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Move Toward Your Resistance

December 13, 2011

“Opportunity is missed by most people because it is dressed in overalls and looks like work.”

Thomas Edison (1847-1931); American inventor

As humans, we seem to have an almost biological drive towards the path of least resistance. Chalk it up to days when food was scarce and the number of predators were high; if we could conserve energy and make it through the day, we’d do so every single time.

We have a lot of good instincts when it comes to self-preservation. Pain is a handy reminder that something is wrong, or we shouldn’t try something again. The “fight or flight” response is always there to spark us into action when we feel our lives are threatened. But at times, it’s best (and even necessary) to overcome our natural responses.

Usually when you contemplate a task–be it getting to the gym, calling a client with bad news, or avoiding that second piece of holiday pie–your mind does a quick cost/benefit analysis of the idea. The problem is, our brains usually look at the immediate short-term cost without an adequate assessment of the long-term gains. Or, our brain pushes the short term pleasure (sitting here) versus the projected costs (wind sprints on the treadmill). Pie is delicious. Watching people eat pie is no fun.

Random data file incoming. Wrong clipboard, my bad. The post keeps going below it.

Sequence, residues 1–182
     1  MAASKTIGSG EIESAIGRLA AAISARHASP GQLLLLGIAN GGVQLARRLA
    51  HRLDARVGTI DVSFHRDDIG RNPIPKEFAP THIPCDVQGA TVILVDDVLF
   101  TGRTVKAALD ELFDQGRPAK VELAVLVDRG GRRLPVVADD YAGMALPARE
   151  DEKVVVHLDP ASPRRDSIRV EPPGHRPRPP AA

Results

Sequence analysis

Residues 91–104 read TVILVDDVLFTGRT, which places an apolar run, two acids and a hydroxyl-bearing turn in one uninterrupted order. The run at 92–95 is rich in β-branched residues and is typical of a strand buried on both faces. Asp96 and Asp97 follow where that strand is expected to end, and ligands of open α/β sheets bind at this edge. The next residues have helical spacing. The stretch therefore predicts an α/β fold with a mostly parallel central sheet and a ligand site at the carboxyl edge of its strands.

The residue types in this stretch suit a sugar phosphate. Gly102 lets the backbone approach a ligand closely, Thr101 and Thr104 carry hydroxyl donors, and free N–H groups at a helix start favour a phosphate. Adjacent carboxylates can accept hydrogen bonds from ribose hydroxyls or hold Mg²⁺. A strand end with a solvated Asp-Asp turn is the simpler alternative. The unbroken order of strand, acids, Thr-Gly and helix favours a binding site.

One of the most useful exercises I do to try and overcome “the short and easy path” is a little something I call “Move Toward Your Resistance.” It goes like this: Every time I think of something I should do, and my brain triggers that lazy little “I’d rather not” response, I immediately tackle some aspect of the task at hand. In other words, when I’d rather not do something, I recognize it as something I must do and coax myself to do it.

Here’s the thing: I always feel better after moving toward my resistance. By doing so, I break the loop of “I should do this / I’ll do it later / I wish this was done / I’ll do it later.”

As you plan for the year ahead, make a conscious effort to recognize when you feel resistance around an idea or task. Note the resistance and make an effort to move toward that which sounds unpleasant. It’s a great way to force yourself to attain higher levels of productivity, and the mental boost you’ll experience from knocking unpleasant tasks off the list is fantastic.

The only caveat: Don’t go walking into fires or wrestling mountain lions. Some instincts are worth obeying!


Source:  Scott Levitt / 12/2011


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